Darren Chaker was under supervised release when he wrote on his personal blog that Ms. Leesa Fazal, an investigator with the Nevada Attorney General’s Office, was “forced out” of her previous post with the Las Vegas Police Department. That statement, according to the district court ultimately overseeing Chaker’s probation, was a violation of the requirement that he “not . . . disparage or defame others on the internet”—and so Chaker was returned to prison.
In so ruling, the court placed an unconstitutional prior restraint on Darren Chaker. But this country long ago moved past the notion of lèse majesté laws protecting public officials from harsh treatment by the press and the people. Indeed, the American people were so reviled by the enforcement of these statutes during the presidency of John Adams—particularly the Alien and Sedition Acts—that the people ousted the Federalist Party that proposed them. Since that time, Americans have given true meaning to their First Amendment rights against prior restraints on speech or on the terms by which public officials may be discussed.
Even prisoners and probationers receive constitutional protection; terms of supervised release must be narrowly drawn to avoid infringing substantive rights, like those of political expression. If the anti-disparagement provision of Chaker’s supervised release becomes widespread, it could easily stifle valuable speech by activists and others.
For instance, in his Letter from a Birmingham Jail, Dr. Martin Luther King Jr. remarked that “[w]e are sadly mistaken if we feel that the election of Albert Boutwell as mayor will bring the millennium to Birmingham. While Mr. Boutwell is a much more gentle person than Mr. Connor, they are both segregationists, dedicated to maintenance of the status quo.” Had King been subject to the same conditions as Chaker, he might have been resentenced for some of his most powerful writings. Worse still, he might never have published at all.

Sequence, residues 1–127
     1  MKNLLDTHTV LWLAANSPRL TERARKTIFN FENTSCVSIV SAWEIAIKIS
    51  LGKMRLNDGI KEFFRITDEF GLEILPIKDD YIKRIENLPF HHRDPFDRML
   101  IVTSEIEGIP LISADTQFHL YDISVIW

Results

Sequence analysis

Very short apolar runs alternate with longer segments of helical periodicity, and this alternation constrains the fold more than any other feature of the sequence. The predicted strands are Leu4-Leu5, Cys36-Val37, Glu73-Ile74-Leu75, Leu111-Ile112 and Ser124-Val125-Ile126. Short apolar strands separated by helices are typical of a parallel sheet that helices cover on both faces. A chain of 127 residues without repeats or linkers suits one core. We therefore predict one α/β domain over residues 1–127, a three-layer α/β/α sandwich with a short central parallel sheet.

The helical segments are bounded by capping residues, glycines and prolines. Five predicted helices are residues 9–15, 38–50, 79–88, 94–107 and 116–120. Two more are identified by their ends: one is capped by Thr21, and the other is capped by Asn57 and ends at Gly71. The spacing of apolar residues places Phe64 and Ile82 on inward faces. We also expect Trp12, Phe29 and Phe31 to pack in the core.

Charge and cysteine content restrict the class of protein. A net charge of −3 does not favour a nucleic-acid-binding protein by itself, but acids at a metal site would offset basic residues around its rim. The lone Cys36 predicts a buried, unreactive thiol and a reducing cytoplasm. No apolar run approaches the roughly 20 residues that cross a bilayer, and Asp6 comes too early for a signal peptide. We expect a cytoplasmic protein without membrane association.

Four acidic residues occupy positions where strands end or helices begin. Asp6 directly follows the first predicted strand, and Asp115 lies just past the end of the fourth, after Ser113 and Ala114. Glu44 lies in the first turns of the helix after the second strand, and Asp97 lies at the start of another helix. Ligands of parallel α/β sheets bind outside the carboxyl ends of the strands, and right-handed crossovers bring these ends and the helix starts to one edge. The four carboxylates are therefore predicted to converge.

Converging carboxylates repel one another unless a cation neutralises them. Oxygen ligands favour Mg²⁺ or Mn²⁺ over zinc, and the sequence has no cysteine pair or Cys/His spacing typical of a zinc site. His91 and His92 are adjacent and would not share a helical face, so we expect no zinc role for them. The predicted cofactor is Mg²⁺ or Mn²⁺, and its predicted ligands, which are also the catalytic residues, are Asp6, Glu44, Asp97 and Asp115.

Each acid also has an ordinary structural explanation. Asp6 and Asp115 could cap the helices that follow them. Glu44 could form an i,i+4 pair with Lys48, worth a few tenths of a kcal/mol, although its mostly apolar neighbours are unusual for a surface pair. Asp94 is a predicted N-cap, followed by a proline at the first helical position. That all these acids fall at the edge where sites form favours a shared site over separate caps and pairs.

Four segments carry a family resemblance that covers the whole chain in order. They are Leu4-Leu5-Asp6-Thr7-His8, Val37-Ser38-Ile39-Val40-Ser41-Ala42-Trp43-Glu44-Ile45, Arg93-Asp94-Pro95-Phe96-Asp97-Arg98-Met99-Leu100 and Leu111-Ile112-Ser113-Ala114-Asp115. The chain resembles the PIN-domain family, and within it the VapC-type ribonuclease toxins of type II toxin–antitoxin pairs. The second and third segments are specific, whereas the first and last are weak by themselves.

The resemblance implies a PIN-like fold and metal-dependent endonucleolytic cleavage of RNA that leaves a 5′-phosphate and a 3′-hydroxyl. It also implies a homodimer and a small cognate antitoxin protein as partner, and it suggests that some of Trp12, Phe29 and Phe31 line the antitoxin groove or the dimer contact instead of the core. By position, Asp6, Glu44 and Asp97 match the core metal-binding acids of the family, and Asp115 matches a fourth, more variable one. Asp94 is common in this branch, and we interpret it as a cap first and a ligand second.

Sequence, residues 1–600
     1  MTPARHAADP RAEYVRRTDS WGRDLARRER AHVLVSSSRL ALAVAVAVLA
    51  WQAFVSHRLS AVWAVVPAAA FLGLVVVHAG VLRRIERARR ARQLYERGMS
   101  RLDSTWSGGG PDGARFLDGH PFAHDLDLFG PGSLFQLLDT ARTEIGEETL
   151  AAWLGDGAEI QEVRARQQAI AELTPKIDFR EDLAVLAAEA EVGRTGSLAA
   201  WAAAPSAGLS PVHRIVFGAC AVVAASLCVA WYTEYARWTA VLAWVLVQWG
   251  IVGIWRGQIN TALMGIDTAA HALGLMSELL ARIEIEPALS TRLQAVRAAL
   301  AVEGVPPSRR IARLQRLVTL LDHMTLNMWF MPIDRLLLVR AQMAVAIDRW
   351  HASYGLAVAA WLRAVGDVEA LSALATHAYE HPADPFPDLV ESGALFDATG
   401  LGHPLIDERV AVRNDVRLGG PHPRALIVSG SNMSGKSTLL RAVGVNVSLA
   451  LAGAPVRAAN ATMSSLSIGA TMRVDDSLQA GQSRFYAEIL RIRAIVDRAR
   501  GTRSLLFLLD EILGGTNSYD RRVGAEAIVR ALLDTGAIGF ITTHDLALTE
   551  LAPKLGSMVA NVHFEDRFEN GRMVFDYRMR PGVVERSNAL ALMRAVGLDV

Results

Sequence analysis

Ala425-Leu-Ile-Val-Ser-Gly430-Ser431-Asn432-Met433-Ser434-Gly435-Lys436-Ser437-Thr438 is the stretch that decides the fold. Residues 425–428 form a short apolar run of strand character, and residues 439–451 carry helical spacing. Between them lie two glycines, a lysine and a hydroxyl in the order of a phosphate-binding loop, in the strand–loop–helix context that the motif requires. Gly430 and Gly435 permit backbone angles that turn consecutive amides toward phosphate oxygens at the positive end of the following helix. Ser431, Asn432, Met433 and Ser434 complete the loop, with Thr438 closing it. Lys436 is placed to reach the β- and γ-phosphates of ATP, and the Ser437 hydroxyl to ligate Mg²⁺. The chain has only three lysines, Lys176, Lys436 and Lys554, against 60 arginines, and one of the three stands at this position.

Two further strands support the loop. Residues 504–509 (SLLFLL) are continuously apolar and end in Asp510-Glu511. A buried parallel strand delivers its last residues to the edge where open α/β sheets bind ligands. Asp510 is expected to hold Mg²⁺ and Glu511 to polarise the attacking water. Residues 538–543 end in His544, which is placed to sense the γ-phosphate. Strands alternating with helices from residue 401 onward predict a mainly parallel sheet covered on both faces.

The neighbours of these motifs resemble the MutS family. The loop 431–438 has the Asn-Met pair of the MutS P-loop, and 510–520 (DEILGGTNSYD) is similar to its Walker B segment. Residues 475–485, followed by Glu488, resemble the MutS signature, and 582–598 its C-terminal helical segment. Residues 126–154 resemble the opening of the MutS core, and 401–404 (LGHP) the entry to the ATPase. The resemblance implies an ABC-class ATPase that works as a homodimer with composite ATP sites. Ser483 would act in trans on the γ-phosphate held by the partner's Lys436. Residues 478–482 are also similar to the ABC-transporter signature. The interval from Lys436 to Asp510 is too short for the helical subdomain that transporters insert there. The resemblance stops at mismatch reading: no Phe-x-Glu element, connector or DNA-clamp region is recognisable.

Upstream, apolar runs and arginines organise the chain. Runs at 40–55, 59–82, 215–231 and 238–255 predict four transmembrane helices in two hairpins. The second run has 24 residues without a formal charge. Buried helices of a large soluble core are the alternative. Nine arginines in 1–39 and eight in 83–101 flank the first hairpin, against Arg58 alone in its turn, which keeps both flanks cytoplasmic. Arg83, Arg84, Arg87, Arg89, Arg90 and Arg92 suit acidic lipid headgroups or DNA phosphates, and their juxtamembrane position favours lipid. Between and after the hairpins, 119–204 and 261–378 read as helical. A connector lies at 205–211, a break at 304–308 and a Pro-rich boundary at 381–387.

Imposing vague and broad restraints on speech leaves people like Darren Chaker guessing as to the limit of their rights and as to which leaders are “touchable” by the spoken and written word. The First Amendment needs appropriate “breathing space” to thrive, as the Supreme Court recognized in NAACP v. Button (1963). Much earlier, Sir William Blackstone noted, “The liberty of the press is indeed essential to the nature of a free state; but this consists in laying no previous restraints upon publications, and not in freedom from censure for criminal matter when published. Every freeman has an undoubted right to lay what sentiments he pleases before the public; to forbid this, is to destroy the freedom of the press; but if he publishes what is improper, mischievous or illegal, he must take the consequence of his own temerity.”
Public officials are appropriate objects of criticism and the protection of their feelings is not the appropriate province of the courts. Chaker’s words don’t even rise to the standard that must be met to constitute defamation of a public figure. Chaker didn’t act with “actual malice” or reckless disregard for the truth when he published his blogpost, which is the mental requirement necessary to sustain such a charge. His speech was thus constitutionally protected political discourse.
Accordingly, Cato has joined the ACLU, the First Amendment Project, the Electronic Frontier Foundation, the Brechner First Amendment Project, and the First Amendment Coalition on a brief supporting Darren Chaker before the U.S. Court of Appeals for the Ninth Circuit, which will hear the appeal this fall.